How Stress Over Coronavirus Impacts Your Body and How to Cope Better

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How Stress Over Coronavirus Impacts Your Body and How to Cope Better

How Stress Over Coronavirus Impacts Your Body and How to Cope Better

As COVID-19 continues to sweep the nation in a wave of fear, illness and job loss, you might feel more than a little stressed. This emotion is natural and understandable — your racing heart and sweaty palms are Mother Nature’s way of preparing your body for battle.

However, chronic stress can have multiple adverse health effects. Therefore, you must find positive outlets for negative emotions. Let’s take a closer look at the way coronavirus concerns impact your body and how you can cope.

How Stress Impacts Your Body

Stress affects every system in your body. Many researchers implicate long-term stress in chronic health conditions, such as fibromyalgia and arthritis. They continue to learn more about how inflammation associated with levels of stress hormones influence your health, but here’s what they know so far.

Your Cardiovascular System

When you are under stress, your heart pumps faster and harder to deliver oxygen-rich blood to your muscles. Unfortunately, this mechanism also raises your blood pressure, which puts you at an increased risk of cardiovascular disease. This pressure can also damage your arteries and leave you at risk of a heart attack.

Your Digestive System

Do you notice that you can’t eat at all or devour more than usual when you feel stressed? Levels of stress hormone tell your body to eat more or less to prepare for impending danger. While feeling tense alone won’t cause ulcers, you could suffer more severe acid reflux than usual. You might also develop nausea or diarrhea.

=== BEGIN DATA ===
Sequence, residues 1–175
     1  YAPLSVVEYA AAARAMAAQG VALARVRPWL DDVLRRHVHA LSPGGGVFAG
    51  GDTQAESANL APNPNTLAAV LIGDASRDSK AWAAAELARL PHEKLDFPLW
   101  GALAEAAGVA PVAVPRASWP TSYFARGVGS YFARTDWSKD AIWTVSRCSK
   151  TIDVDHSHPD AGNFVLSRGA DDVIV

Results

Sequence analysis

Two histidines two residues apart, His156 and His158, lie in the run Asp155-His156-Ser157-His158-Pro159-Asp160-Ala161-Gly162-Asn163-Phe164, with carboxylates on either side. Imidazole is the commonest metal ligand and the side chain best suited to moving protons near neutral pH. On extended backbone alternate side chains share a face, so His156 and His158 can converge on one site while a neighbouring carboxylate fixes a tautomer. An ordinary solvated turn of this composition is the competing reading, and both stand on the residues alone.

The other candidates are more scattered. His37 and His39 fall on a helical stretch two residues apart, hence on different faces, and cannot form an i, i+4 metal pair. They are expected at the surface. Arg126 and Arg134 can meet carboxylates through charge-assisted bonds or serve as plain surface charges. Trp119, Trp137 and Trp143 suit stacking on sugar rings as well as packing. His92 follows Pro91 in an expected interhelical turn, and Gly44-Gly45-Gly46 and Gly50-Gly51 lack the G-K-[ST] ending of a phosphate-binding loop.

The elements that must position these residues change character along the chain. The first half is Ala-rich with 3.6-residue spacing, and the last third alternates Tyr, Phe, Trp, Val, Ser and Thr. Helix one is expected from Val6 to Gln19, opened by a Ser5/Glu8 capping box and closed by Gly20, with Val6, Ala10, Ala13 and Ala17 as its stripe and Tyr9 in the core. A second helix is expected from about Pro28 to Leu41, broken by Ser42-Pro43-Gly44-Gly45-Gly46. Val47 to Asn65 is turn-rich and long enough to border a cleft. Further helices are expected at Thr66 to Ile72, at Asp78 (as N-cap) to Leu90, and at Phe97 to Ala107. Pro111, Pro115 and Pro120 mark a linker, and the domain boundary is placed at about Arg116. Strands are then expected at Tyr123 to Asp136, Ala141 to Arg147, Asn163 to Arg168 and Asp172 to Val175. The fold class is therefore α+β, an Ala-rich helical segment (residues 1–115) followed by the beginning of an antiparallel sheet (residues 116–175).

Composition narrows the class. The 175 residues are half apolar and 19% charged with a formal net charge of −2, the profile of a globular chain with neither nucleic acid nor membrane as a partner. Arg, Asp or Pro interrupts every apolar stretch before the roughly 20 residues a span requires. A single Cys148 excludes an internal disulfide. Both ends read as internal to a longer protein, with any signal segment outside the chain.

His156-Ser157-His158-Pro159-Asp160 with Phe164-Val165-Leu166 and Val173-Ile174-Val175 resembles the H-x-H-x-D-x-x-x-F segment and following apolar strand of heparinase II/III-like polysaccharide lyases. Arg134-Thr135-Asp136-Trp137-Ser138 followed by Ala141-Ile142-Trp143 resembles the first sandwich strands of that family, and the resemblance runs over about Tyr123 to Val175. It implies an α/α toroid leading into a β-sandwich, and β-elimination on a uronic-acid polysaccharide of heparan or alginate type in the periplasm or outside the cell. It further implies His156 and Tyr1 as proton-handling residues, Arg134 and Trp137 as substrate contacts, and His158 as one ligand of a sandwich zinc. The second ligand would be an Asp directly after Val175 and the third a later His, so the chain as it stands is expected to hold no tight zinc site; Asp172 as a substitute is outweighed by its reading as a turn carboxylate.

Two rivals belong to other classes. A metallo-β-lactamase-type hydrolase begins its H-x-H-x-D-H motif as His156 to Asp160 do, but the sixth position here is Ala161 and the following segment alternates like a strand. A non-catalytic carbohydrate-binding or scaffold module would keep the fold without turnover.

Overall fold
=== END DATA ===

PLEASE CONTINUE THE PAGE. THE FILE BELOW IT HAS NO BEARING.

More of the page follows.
Your Immune System

Right now, you need a robust immune system more than ever. Unfortunately, stress can deplete your reserves. High levels of adrenaline and cortisol make finding sleep elusive, which decreases the number of cytokines you produce, proteins that help heal your body. Additionally, you become more susceptible to viruses, and it can take you longer to recover from injury or illness.

Your Mental Health

Stress can take a severe toll on your mental health. It can trigger disorders like anxiety and depression when you feel unable to manage everything. Women, in particular, face a higher risk of feeling extra pressure to take care of their children while maintaining a job. Now, moms are experiencing increased anxieties in this area while working from home.

Techniques for Managing Stress

It’s important to have coping mechanisms in this challenging time. Many therapists are now available via telemedicine. However, if you recently lost your insurance due to job loss, you may lack the financial means to attend. Try the following holistic remedies to regain a sense of stability.

Exercise

Right now, you might feel completely adrift, especially if you no longer have to wake up to rush to work. However, if you know that the morning means lacing up your running shoes, you have a reason to get out of bed. Even in jurisdictions under stay-at-home orders allow people to go outdoors for solo exercise, so dust off that bike.